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41st IMO 2000

Problem 1. AB is tangent to the circles CAM N and N M BD. M lies


between C and D on the line CD, and CD is parallel to AB. The chords
N A and CM meet at P ; the chords N B and M D meet at Q. The rays CA
and DB meet at E. Prove that P E = QE.

Problem 2. A, B, C are positive reals with product 1. Prove that (A − 1 +


1 1 1
B )(B − 1 + C )(C − 1 + A ) ≤ 1.

Problem 3. k is a positive real. N is an integer greater than 1. N points


are placed on a line, not all coincident. A move is carried out as follows.
Pick any two points A and B which are not coincident. Suppose that A lies
to the right of B. Replace B by another point B 0 to the right of A such that
AB 0 = kBA. For what values of k can we move the points arbitrarily far to
the right by repeated moves?

Problem 4. 100 cards are numbered 1 to 100 (each card different) and
placed in 3 boxes (at least one card in each box). How many ways can this
be done so that if two boxes are selected and a card is taken from each, then
the knowledge of their sum alone is always sufficient to identify the third
box?

Problem 5. Can we find N divisible by just 2000 different primes, so that


N divides 2N + 1? [N may be divisible by a prime power.]

Problem 6. A1 A2 A3 is an acute-angled triangle. The foot of the altitude


from Ai is Ki and the incircle touches the side opposite Ai at Li . The line
K1 K2 is reflected in the line L1 L2 . Similarly, the line K2 K3 is reflected in
L2 L3 and K3 K1 is reflected in L3 L1 . Show that the three new lines form a
triangle with vertices on the incircle.

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42nd International Mathematical Olympiad

Washington, DC, United States of America


July 8–9, 2001

Problems
Each problem is worth seven points.

Problem 1

Let ABC be an acute-angled triangle with circumcentre O . Let P on BC be the foot of the altitude from A.

Suppose that BCA  ABC  30 .

Prove that CAB  COP  90 .

Problem 2

Prove that

a b c
  

   
   1

a2  8bc b2  8ca c2  8ab
for all positive real numbers a, b and c .

Problem 3

Twenty-one girls and twenty-one boys took part in a mathematical contest.

• Each contestant solved at most six problems.


• For each girl and each boy, at least one problem was solved by both of them.
Prove that there was a problem that was solved by at least three girls and at least three boys.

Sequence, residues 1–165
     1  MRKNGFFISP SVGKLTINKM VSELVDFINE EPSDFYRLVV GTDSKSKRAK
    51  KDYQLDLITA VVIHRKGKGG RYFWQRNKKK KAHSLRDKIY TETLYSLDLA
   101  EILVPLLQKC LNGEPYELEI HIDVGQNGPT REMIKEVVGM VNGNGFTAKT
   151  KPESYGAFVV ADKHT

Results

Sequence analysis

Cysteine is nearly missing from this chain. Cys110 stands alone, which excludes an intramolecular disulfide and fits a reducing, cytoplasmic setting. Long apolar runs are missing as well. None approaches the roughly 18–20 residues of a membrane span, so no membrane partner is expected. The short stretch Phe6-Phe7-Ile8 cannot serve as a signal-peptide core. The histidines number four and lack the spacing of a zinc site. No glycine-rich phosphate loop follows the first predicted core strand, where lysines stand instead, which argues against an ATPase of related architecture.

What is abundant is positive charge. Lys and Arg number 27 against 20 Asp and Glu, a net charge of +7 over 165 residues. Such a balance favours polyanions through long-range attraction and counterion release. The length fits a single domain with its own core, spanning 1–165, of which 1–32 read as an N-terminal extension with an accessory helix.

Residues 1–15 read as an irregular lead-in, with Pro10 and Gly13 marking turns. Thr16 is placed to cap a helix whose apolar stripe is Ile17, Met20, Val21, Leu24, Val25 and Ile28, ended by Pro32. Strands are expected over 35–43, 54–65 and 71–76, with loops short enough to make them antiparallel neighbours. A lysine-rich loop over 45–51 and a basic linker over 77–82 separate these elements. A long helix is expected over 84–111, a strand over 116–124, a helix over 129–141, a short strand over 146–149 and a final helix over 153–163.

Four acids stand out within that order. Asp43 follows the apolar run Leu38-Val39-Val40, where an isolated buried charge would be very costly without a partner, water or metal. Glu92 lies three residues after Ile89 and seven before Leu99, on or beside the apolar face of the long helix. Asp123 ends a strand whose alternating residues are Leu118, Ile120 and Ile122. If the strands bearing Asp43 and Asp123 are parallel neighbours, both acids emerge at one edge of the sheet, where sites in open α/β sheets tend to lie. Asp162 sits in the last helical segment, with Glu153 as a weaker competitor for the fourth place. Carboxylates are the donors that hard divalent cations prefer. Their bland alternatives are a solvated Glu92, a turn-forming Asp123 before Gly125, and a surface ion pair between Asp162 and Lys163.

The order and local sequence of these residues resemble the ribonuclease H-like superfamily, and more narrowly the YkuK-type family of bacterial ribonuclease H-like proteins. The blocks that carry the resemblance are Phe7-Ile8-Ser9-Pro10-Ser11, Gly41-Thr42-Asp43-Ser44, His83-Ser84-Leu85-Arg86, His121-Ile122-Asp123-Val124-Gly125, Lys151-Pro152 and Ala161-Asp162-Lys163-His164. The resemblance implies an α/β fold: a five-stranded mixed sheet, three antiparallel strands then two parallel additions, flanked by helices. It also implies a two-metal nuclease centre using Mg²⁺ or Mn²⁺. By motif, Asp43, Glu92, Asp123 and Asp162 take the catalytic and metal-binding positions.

Problem 4

Let n be an odd integer greater than 1, and let k1 , k2 , …, kn be given integers. For each of the n permutations
a  a1 , a2 , …, an  of 1, 2, …, n , let

n
Sa   ki ai .
i1

Prove that there are two permutations b and c, b c, such that n  is a divisor of Sb
Sc.

http://imo.wolfram.com/
2 IMO 2001 Competition Problems

Problem 5

In a triangle ABC , let AP bisect BAC , with P on BC , and let BQ bisect ABC , with Q on CA.

It is known that BAC  60 and that AB  BP  AQ  QB.

What are the possible angles of triangle ABC ?

Problem 6

Let a, b, c, d be integers with a b c d 0. Suppose that

ac  bd  b  d  a
cb  d
a  c.
Prove that ab  cd is not prime.

http://imo.wolfram.com/
43rd IMO 2002

Problem 1. S is the set of all (h, k) with h, k non-negative integers such


that h + k < n. Each element of S is colored red or blue, so that if (h, k)
is red and h0 ≤ h, k 0 ≤ k, then (h0 , k 0 ) is also red. A type 1 subset of S has
n blue elements with different first member and a type 2 subset of S has n
blue elements with different second member. Show that there are the same
number of type 1 and type 2 subsets.

Problem 2. BC is a diameter of a circle center O. A is any point on


the circle with 6 AOC > 60o . EF is the chord which is the perpendicular
bisector of AO. D is the midpoint of the minor arc AB. The line through
O parallel to AD meets AC at J. Show that J is the incenter of triangle
CEF .

Problem 3. Find all pairs of integers m > 2, n > 2 such that there are
infinitely many positive integers k for which k n + k 2 − 1 divides k m + k − 1.

Problem 4. The positive divisors of the integer n > 1 are d1 < d2 < . . . <
dk , so that d1 = 1, dk = n. Let d = d1 d2 + d2 d3 + · · · + dk−1 dk . Show that
d < n2 and find all n for which d divides n2 .

Problem 5. Find all real-valued functions on the reals such that (f (x) +
f (y))((f (u) + f (v)) = f (xu − yv) + f (xv + yu) for all x, y, u, v.